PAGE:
The somewhat different spring season in Nepal: first ascents on six- and seven-thousanders

Symon Welfringer and Charles Duboulaz on the summit of Hungchhi
Symon Welfringer (l.) and Charles Dubouloz on the summit of Hungchhi

Ask anyone what name of a mountain spontaneously comes to mind and you will probably get the answer Mount Everest, with a few exceptions. Quite simply because the highest mountain is synonymous with mountains in general. This also explains the overwhelming interest of the general public in everything to do with the 8,849-meter-high mountain in the border region between Nepal and Tibet. The Everest hype still leaves a little attention for the other 13 eight-thousanders. But what happens below the magical but actually arbitrary limit of 8,000 meters is of little or no interest to the masses.

Yet for years, the real alpinism has been on the seven-, six- and five-thousanders. This is where the world’s best mountaineers not only find their technical playgrounds, but also the peace and quiet they need to face great challenges. Like the two Frenchmen Charles Dubouloz and Symon Welfringer this spring.

New route on Hungchhi

The duo first climbed the technically challenging 1700-meter-high West Face of the 7,029-meter-high Hungchhi in two days – in alpine style, i.e. without bottled oxygen, fixed ropes, fixed high camps and Sherpa support. Because the weather changed, they descended via the east side of the mountain, which was unknown to them. Hungchhi, which lies in the Khumbu region between the eight-thousanders Cho Oyu and Everest and is also known as Chakhung, had previously only been scaled by three expeditions. First in spring 2003 by a Japanese expedition, which fixed more than four kilometers of ropes on the Southwest Ridge. A few days later, a Korean expedition followed with a variant of this route. In 2006, two Japanese summited Hungchhi for the first time from Tibet via the Northwest Ridge of the mountain.

Panorama from Gokyo Ri
Hungchhi (center), seen from Gokyo Ri

It was a “complex and intense climb”, wrote Dubouloz and Welfringer on Instagram after their first ascent of the West Face. They named their new route “Le cavalier sans tete”, the headless horseman, after a song by French singer Damien Saez. “The horseeman, that’s us: two stubborn, happy and fulfilled beings,” explained Charles and Symon.

Through the Northeast Face of Tengkangpoche

Two happy beings, that also applied to the Americans Patrick “Perry” Johnson and Patrick Gephart, who opened a new route through the Northeast Face of the beautifully shaped 6,482-meter-high Tengkangpoche near the village of Thame in the Khumbu region in April and then continued to the summit via the East Ridge after a windy bivouac.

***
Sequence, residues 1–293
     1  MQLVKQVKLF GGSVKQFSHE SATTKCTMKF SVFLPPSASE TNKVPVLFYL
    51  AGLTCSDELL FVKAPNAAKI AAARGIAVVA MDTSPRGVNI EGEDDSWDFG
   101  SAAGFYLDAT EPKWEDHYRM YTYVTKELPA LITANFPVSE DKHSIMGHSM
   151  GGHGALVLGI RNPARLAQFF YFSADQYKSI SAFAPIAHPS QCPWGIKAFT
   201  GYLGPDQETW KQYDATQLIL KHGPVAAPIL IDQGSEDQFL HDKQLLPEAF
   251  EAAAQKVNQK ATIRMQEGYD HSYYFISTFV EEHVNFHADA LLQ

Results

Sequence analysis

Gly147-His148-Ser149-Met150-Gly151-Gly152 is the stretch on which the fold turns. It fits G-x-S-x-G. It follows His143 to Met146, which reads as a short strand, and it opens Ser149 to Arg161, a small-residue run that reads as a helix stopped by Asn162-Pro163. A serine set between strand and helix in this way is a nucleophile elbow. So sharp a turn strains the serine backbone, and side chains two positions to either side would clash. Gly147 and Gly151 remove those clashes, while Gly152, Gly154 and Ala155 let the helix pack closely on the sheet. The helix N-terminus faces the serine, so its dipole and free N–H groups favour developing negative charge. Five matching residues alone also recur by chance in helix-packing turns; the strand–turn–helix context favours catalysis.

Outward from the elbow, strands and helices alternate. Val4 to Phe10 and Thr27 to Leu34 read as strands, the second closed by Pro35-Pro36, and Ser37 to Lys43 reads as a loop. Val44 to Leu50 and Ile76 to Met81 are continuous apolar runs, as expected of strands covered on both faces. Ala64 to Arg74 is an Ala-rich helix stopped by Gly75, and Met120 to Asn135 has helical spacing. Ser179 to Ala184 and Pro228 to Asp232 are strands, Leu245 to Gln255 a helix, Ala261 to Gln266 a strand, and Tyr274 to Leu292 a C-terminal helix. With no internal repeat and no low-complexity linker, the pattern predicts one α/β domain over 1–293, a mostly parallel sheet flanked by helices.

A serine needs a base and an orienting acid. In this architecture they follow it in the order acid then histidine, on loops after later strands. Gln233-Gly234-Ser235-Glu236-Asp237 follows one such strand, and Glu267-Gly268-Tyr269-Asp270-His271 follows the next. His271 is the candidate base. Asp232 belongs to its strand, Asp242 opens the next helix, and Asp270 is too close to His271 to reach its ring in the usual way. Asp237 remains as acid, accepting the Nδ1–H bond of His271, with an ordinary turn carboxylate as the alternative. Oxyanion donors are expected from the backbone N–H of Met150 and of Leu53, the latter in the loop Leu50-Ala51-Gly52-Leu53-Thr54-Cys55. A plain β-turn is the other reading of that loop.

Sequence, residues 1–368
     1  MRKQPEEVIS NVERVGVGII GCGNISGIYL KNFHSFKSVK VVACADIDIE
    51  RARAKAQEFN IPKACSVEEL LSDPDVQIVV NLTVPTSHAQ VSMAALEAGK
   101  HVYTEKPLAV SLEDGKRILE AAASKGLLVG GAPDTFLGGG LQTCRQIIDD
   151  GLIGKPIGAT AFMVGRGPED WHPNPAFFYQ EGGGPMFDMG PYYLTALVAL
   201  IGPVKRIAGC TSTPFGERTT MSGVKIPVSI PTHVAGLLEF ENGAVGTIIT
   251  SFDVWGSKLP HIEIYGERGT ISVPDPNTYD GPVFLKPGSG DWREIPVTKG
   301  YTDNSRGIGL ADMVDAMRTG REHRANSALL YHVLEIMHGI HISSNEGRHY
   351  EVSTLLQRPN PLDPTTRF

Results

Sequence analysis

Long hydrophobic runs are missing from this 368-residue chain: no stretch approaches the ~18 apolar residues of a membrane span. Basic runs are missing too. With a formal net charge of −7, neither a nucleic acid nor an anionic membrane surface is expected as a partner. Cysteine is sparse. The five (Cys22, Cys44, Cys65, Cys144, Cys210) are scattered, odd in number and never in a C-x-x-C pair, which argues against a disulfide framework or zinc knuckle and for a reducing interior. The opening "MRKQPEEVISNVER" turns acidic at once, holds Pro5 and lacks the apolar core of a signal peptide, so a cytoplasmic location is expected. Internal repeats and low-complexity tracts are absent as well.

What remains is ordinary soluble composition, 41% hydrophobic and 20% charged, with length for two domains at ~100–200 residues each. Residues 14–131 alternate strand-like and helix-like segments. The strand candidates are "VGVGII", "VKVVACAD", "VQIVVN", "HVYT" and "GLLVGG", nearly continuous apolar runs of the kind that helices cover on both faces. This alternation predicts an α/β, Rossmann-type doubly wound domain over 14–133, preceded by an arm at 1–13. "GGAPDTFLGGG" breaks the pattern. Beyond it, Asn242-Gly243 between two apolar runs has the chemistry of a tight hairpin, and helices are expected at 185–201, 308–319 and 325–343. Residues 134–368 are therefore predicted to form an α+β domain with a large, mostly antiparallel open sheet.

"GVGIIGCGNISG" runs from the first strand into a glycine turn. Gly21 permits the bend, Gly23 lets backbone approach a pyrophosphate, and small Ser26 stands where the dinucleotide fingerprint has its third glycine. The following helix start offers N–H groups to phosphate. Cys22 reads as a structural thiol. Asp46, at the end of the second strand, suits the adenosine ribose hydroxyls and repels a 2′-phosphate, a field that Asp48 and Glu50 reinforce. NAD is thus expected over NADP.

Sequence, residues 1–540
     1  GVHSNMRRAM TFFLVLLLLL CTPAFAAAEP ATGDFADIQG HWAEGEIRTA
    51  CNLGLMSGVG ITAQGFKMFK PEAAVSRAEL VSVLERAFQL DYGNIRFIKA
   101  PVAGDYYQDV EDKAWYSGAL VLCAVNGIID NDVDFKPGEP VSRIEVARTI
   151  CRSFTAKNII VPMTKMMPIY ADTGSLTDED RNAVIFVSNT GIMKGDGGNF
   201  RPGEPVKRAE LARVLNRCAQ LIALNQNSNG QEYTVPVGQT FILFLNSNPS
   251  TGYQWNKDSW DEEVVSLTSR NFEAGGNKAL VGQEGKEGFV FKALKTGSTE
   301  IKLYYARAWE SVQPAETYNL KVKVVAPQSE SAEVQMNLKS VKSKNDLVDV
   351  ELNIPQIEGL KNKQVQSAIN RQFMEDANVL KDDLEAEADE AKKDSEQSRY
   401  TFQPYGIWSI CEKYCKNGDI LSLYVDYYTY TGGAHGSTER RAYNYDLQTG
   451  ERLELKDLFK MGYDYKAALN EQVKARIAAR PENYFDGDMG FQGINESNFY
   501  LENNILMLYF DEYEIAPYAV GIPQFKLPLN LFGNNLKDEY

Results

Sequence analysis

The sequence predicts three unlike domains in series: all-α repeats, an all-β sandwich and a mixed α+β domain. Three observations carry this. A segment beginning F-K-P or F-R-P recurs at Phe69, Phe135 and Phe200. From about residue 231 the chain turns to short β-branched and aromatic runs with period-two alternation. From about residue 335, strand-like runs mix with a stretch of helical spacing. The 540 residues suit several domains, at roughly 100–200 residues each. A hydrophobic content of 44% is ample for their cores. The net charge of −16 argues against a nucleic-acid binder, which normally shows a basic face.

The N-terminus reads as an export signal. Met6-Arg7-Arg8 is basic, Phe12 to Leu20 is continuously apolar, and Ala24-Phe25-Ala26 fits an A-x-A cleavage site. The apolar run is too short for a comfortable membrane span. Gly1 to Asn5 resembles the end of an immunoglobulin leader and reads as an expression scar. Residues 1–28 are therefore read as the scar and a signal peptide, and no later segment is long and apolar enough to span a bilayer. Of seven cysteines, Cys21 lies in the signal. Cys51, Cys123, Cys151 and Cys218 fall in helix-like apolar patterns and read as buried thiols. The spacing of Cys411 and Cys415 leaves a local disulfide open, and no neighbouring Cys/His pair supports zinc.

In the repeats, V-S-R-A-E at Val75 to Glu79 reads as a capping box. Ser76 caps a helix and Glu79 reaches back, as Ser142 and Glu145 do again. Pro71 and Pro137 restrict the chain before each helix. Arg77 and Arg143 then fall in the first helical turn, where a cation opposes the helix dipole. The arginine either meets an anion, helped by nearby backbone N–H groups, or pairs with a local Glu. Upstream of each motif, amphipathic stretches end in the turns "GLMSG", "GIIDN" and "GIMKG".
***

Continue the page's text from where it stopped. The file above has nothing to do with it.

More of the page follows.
Tengkangpoche (route to the left in the shade)

The US climbers named their approximately 1,800-meter-long, “moderate” (as Perry literally told me) route “Sunshine Spring Roll” – after the delicious spring roll they had enjoyed at the Sunshine Lodge in Thame. The British climber Trevor James Pilling and the American Andy Zimet were the first to scale climb Tengkangpoche in 1984 via the East Ridge. In 2008, the Swiss climbers Ueli Steck and Simon Anthamatten mastered the difficult North Face of the mountain for the first time, also in alpine style.

First ascent of Patrasi

Pasang Rinzee Sherpa, Vinayak Jaya Malla, Pasang Kami Sherpa
Pasang Rinzee Sherpa, Vinayak Jaya Malla, Pasang Kami Sherpa (from left)

The first ascent of a six-thousander in western Nepal last week proves that Nepalese mountaineers are now also seeking their own ambitious goals away from the commercial eight-thousander routes. Vinayak Jaya Malla, Pasang Rinzee Sherpa and Pasang Kami Sherpa first climbed the 6,450-meter-high Patrasi in the Jumla district on 12 June – also in alpine style. Patrasi is a secondary summit of the 6,627-meter-high Kangde Hiunchuli, which was first climbed by a Japanese expedition in 1963.

“The climb was tough and technical, different from the fixed rope climbing we are used to. This kind of technical climbing brings the real joy of mountaineering,” said expedition leader Malla, one of the still few Nepalese mountaineers who have international mountain guide certificates. And he added on Facebook: “If we get the opportunity, we can also push our limits. We are not only made for carrying loads and pushing a jumar.”

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